Saturday, December 31, 2011

Welcome Puppy #2 Master Red :o)

Two hours on the dot from the minute pup #1 arrived (I was almost worried), Kenya started active contractions again.  Twenty-five minutes after that she delivered her whopping pup #2.

Weighing in at 1 pound 0.5 ounces (16.5 ounces), the second pup to arrive is a healthy black boy, now officially Master Red.

He's a full ounce heavier than his firstborn brother, and he's been more vocal since his very first breath (a breath, by the way, that he took while the rest of his body was still working its way into this world).  His was a little trickier delivery (sac already ruptured; head and one leg protruding; kinda stuck there for a few a contractions), but after a few stressful moments, and a hearty yip from Kenya, he made his way all the way out of his mother's birth canal.

Master Red's airway and lungs seem fine, and he's very vocal (I love the "whale song" of neonates; we'll try to get a video up as soon as we can). He's nursing well (able to suckle), but not as vigorously as Master Blue (I have to remember that Master Blue has two hours of in-this-world experience on his younger brother).  All is well, though.  It's all within "normal" whelping standards.

That is, except for the pup size. Technically, they say that average Lab pups weigh between 13 oz and 15 oz at birth. Less is a little light; more is a little big.

Because this litter is smaller in number than Kenya's last, I'm not surprised the pups are a little bigger (more room to grow in utero, less competition for nutrients). And they're within an ounce of each other by weight, so they're developmentally where they should be relative to each other.

Kenya has whelped them both successfully (albeit with a little more difficulty than with her first litter).  So we're optimistic for the rest of her process.

So far so good.

Here are a few more pics of the boys. Notice the length of Master Red's toenails (he's without a ribbon in the first two pictures, and that's my white-gloved hand holding him up to Kenya's teat). And notice Master Red's milk mustache. Pretty good for his first nursing experience (and a good indicator that Kenya's milk is abundant).

The boys are "singing" as I write this.

And since we know for certain that there is at least one other pup in there we'll be waiting expectantly.

Stay tuned!


Welcome Puppy #1 Master Blue :o)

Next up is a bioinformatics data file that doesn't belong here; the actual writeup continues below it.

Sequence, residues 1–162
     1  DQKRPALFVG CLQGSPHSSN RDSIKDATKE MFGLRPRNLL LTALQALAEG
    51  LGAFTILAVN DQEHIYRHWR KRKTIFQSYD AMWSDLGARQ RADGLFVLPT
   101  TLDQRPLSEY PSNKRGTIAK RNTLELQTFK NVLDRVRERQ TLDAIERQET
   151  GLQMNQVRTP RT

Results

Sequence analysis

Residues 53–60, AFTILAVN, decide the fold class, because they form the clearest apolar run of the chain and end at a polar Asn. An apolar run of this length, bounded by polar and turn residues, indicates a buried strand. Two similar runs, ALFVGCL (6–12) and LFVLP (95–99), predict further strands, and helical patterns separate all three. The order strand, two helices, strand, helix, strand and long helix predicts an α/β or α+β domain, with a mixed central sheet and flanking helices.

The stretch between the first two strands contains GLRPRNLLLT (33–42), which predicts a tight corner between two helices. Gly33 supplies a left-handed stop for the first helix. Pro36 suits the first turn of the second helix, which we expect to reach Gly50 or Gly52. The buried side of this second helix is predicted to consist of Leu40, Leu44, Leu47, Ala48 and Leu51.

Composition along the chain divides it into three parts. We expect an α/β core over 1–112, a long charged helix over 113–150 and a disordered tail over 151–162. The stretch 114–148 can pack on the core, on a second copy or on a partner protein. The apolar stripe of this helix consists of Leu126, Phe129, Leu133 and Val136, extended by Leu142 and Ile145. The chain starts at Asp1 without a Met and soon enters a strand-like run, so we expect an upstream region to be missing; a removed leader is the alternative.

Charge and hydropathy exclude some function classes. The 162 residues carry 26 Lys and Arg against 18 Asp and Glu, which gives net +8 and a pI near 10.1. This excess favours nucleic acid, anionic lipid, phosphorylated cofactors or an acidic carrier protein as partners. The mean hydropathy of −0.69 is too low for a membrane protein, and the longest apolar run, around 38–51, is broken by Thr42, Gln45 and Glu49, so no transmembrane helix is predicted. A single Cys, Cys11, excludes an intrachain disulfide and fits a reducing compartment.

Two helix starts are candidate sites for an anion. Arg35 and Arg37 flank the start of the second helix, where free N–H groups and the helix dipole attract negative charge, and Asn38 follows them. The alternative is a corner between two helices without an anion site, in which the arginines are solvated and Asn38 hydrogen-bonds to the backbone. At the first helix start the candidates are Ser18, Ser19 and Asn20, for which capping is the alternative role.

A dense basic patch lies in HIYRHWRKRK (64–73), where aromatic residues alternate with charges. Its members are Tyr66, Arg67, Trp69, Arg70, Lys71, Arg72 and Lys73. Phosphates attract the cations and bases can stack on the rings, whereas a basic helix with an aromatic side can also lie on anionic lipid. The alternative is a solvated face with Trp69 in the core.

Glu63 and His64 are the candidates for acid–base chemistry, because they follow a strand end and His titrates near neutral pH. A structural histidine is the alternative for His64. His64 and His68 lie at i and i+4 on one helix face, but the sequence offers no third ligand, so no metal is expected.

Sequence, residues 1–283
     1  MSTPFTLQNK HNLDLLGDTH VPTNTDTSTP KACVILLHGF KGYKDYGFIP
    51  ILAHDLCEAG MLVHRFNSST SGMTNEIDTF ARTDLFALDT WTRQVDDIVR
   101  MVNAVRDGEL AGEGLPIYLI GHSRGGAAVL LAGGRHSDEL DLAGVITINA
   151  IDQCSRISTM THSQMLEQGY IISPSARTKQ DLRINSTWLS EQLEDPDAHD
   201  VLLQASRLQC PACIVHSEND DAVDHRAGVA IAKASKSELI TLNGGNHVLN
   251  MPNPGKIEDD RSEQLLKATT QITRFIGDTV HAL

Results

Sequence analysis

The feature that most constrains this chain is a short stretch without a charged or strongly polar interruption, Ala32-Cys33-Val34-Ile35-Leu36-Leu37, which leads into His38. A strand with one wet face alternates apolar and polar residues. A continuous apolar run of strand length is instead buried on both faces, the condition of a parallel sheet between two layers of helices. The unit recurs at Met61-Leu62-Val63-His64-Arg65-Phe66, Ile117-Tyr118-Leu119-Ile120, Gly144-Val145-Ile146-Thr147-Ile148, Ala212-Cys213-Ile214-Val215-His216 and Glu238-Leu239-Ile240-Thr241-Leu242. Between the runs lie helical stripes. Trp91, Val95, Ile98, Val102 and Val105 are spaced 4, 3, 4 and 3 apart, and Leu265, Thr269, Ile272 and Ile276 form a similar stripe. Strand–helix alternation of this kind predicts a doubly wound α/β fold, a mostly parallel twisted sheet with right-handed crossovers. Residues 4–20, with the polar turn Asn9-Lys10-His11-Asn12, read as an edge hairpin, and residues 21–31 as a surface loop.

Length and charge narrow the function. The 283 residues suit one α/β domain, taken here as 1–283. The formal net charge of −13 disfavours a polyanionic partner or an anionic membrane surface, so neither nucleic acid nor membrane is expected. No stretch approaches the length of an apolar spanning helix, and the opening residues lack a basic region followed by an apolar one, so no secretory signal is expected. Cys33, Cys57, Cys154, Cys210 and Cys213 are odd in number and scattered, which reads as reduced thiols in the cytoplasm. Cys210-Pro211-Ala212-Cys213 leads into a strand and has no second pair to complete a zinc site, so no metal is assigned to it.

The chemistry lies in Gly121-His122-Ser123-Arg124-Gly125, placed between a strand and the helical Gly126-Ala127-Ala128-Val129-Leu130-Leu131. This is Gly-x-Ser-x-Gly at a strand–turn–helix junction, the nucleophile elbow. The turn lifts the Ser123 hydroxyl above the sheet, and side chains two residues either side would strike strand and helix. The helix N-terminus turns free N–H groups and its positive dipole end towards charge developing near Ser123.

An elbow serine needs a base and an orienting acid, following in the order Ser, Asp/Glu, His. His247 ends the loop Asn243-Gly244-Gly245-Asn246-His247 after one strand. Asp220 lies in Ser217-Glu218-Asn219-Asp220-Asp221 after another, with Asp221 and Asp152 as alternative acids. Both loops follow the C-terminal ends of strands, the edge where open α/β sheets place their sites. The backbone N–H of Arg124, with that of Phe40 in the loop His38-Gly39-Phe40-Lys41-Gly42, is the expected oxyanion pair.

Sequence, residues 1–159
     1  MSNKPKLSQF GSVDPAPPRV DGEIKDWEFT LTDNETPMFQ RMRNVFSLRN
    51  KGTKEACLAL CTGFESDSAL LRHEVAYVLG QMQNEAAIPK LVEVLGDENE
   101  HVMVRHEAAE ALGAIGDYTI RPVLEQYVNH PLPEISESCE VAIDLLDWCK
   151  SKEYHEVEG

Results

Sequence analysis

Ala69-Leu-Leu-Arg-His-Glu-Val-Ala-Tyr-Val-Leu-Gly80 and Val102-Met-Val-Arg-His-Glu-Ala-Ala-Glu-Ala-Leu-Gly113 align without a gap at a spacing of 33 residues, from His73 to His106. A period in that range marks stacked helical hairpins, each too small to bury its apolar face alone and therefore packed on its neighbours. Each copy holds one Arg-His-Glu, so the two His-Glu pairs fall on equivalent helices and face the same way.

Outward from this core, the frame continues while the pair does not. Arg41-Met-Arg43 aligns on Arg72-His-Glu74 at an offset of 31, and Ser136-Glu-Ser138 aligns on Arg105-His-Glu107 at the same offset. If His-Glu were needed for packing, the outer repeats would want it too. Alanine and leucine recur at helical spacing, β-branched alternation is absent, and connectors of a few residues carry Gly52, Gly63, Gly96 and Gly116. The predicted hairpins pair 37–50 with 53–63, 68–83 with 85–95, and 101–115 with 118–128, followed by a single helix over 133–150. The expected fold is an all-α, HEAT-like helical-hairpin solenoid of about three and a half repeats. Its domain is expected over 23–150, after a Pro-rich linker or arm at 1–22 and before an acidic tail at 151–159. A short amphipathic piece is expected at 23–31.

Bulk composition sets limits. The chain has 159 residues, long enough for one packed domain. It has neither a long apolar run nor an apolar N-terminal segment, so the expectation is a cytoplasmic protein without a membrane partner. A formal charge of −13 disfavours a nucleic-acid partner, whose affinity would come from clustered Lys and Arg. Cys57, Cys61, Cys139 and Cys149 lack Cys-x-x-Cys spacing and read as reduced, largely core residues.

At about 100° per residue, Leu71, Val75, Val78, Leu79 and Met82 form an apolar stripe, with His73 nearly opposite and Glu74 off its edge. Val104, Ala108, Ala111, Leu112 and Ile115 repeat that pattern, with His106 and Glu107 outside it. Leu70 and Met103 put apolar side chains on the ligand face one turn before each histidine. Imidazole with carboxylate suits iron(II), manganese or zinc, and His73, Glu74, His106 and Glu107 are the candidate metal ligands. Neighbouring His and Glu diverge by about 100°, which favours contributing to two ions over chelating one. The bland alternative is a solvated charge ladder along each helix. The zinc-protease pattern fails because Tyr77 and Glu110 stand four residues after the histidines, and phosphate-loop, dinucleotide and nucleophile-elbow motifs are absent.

It's a 15.5 oz black baby boy!  And now he's officially Master Blue.

Uneventful head-first, sac-in-tact delivery -- but his big blocky head (yay!) seemed a little tougher for Kenya to push out.  

Kenya and neonate are doing fine. 

Here are some quick pics:

Now we're waiting on the next pup's arrival. :o)

Stay tuned. :) 


2011 or 2012? Puppies Come When They Will

So we're still waiting. 

It's Gestational Day 63 since Kenya's and Tuc's first tie.  If Kenya did not conceive any pups as a result of that tie, but rather from a subsequent tie with Tuc (two days later), then it's possible that the pups are at Gestational Day 61.  Litters can be a mix of both ties, which is why the count is made from the first tie.

It appears Kenya is moving into later Stage One. She's been pacing for most of the last ten hours.  And she's stopped wagging her tail or carrying things in her mouth -- sure indicators that she's uncomfortable.

She's actively trying to hide in corners and is still occasionally nesting.

But we haven't seen any contractions yet, so we're not worrying.

 If, on the other hand, she was actively working on pushing the pups out and nothing was happening, then we'd be worried.

We checked in with the vet just a bit ago, and he's not concerned.  Kenya is a proven dam (has successfully whelped a litter before without complication).  And as long as she's not actively pushing  yet, the clock isn't yet ticking.  Once she starts contracting, we keep close track of time to better determine if an emergency C-section would be in order.

But we're not "going there" yet.  :O)

Here's the sweet Kenya Bean this morning:

She's our sweet girl, and she's clearly uncomfortable.  But her vitals are good, and she looks good, and she's clearly *not* in distress. 

So we wait.

And now the question is, are we going to have to wait until next year to see these puppies face-to-snout?

Stay tuned,


Friday, December 30, 2011

Early Stage One

It appears Kenya has moved into Stage One of canine labor.

  • She's nesting (instinctively digging at the floors and carpets and at the towels we have on the floors) in an attempt to build a den for her puppies. 
  • She refused breakfast this morning (a sure sign that she's on her way).
  • She's restless and uncomfortable.
  • She's panting nearly non-stop.
  • She's "needier" than usual.